But then the most humbling visit was to Pearl Harbor. Situated there is the USS Arizona Memorial. At 8:06 a.m. on December 7th, 1941, the USS Arizona was hit by a 1,760-pound armor-piercing bomb, which ignited its forward ammunition magazine. The catastrophic explosion that resulted sank this massive battleship in nine minutes, killing 1,177 crewmen. The floating memorial is built over the sunken hull of the USS Arizona, the final resting place for many of the ship’s crew. Standing on the memorial and looking from the monument into the water, the Arizona is visible where it rests on the bottom of the harbor; one of its gun turrets, rusted now, pushes above the water. A huge marble display lists the names of all those sailors on the Arizona; many remain entombed in the ship below our feet.

To date, my Hawaii trip holds top spot as my most exciting. Many of you may have been there and my gushing here bores you. If so, just enjoy the photos: the welcome to Hawaii show, Waikiki Beach with Diamond Head in the background, the Pearl Harbor monument, and the group from our real estate agency.

The only thing today’s blog has to do with hope is that one of my big hopes was fulfilled. And that makes me smile.

“As long as you’re going to be thinking anyway, think big.”
—Donald Trump, American entrepreneur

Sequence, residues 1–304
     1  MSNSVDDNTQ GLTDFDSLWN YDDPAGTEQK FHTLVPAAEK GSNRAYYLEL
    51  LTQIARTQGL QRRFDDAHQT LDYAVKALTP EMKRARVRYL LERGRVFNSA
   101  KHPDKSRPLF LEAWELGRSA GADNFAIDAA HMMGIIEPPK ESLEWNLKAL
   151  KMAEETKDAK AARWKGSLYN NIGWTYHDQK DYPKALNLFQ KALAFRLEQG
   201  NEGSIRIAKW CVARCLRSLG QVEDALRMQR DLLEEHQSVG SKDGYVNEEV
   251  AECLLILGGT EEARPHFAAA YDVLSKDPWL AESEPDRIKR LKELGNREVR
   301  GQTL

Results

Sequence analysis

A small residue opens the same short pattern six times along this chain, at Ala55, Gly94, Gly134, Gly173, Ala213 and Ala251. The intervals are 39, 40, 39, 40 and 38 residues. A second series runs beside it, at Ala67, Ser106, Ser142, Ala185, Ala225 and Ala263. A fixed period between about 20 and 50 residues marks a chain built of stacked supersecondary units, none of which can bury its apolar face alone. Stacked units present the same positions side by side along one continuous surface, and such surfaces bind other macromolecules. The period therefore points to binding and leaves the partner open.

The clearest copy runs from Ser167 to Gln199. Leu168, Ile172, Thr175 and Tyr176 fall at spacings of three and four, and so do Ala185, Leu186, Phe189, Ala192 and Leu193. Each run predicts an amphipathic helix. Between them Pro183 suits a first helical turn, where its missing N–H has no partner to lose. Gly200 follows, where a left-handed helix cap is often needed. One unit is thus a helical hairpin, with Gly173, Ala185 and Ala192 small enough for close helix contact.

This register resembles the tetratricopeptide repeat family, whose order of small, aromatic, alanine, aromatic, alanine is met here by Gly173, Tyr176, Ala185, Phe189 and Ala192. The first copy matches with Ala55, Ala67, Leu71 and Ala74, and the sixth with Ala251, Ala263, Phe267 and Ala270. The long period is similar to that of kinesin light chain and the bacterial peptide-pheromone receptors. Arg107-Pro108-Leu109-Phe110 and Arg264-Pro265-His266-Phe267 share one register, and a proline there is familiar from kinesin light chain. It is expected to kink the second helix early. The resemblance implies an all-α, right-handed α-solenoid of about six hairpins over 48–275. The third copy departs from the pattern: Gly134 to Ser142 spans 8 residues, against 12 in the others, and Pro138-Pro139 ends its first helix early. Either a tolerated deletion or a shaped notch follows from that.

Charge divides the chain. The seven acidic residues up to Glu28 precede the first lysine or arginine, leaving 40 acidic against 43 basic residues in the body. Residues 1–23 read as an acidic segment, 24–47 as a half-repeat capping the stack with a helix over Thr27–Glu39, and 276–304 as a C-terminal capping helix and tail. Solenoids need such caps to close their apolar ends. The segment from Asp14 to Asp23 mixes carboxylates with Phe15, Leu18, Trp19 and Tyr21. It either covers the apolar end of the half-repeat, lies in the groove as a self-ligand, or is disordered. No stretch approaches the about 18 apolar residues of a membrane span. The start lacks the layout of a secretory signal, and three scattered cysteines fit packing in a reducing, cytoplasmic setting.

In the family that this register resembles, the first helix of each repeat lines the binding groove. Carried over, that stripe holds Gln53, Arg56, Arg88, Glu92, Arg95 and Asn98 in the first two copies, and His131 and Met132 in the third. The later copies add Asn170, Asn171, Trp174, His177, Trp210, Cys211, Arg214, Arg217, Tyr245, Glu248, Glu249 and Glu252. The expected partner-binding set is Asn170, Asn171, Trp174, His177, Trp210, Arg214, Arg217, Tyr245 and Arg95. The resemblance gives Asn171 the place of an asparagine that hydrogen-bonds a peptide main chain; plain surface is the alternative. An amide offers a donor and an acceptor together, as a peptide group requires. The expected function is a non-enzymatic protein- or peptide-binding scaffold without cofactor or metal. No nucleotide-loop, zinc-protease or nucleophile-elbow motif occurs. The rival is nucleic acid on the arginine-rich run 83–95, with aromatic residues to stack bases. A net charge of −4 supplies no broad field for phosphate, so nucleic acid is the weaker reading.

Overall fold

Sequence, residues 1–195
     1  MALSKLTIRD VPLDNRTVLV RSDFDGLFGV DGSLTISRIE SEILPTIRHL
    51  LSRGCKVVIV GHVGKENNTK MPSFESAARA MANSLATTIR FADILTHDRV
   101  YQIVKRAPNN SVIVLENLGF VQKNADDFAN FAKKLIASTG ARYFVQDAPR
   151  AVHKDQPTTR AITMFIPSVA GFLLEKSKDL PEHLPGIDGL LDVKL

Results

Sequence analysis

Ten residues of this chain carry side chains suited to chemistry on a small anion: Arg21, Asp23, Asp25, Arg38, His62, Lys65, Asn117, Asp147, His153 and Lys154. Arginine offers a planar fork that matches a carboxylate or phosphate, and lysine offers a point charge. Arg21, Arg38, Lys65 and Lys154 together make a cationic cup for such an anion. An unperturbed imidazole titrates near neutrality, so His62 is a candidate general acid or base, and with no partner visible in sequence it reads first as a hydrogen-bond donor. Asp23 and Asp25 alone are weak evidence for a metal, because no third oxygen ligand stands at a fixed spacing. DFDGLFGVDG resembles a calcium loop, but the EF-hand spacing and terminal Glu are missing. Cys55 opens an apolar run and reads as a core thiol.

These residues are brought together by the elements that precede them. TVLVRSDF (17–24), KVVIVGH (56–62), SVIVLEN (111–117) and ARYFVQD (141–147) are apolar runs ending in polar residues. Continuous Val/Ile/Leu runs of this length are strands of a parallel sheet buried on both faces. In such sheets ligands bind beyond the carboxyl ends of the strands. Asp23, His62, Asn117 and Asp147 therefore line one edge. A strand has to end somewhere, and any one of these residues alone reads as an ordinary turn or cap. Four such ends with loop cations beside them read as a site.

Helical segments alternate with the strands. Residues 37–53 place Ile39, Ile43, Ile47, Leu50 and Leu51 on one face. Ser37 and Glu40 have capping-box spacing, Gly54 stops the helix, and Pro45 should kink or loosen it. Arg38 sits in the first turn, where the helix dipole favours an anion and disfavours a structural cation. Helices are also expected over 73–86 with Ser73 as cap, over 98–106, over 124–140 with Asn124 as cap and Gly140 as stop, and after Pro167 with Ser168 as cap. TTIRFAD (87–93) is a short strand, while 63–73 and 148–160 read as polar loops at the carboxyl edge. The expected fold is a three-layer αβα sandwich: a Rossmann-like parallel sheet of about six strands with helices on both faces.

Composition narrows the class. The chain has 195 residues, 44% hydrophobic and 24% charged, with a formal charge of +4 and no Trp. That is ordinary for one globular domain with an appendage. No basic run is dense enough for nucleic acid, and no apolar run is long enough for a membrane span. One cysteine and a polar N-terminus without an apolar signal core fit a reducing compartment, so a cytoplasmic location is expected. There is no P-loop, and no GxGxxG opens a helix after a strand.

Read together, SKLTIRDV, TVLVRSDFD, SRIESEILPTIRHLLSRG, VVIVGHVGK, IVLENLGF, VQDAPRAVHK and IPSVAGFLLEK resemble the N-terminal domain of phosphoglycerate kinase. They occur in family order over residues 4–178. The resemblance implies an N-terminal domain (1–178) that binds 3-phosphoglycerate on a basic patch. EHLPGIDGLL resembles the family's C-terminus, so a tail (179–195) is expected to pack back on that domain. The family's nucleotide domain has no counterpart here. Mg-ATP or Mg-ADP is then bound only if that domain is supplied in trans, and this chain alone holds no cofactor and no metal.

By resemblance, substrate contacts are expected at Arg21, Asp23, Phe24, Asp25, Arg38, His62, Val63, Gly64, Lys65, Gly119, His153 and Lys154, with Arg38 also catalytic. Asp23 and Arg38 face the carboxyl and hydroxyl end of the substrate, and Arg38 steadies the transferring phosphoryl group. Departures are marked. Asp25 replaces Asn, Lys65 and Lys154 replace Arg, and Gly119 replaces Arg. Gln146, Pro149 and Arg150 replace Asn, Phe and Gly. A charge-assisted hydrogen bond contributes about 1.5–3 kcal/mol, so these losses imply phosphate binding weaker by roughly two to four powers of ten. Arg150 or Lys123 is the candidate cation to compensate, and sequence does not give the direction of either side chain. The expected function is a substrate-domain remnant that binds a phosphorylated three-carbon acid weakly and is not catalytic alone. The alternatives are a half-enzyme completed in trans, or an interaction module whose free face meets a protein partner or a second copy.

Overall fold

Till next time … keep on smiling.

Thursday, April 7, 2011

Is It Easter Yet?

The calendar on my refrigerator sets Easter at April 24. However, I usually don't need a calendar to tell me when Easter is near. For decades my dogwood trees have managed to blossom a week or less just before Easter. Their small, identical blooms of four white leaves open in announcement that Easter is right around the corner.

To some, those blossoms, touched on each tip with a dab of red, hint about Jesus’ death and also the opening of His grave in preparation of His resurrection. Those little dogwood blooms appear in perfect replication perhaps to remind us that one perfect man—Jesus—dwelt on earth for a while.

But this year all my dogwood trees jumped the gun and blossomed an entire month before Easter, not just a few days as in past years. This picture was taken near mid-March and we’re still enjoying its beauty.

The dogwoods, azaleas, and wisteria mark the beginning of spring and all things new. I notice the neighborhood’s lawns as if time-lapse photography ran overnight and healthy green blades of grass have pushed through the browns of winter since the day before.

Spring is a time of hope, renewal, new beginnings, second chances, and smiles just from leaving behind the doldrums of winter.

"Hope begins in the dark, the stubborn hope that if you just show up and try to do the right thing, the dawn will come. You wait and watch and work: You don't give up." –Ann Lamott

Till next time … keep on smiling.

Monday, April 4, 2011

How long will it take?

My recupperation is taking longer than I expected. Hope to be back with you soon.

“Once you choose hope, anything’s possible.”
-- Christopher Reeve, actor (Superman)

Do you choose hope?

Till next time ... keep on smiling.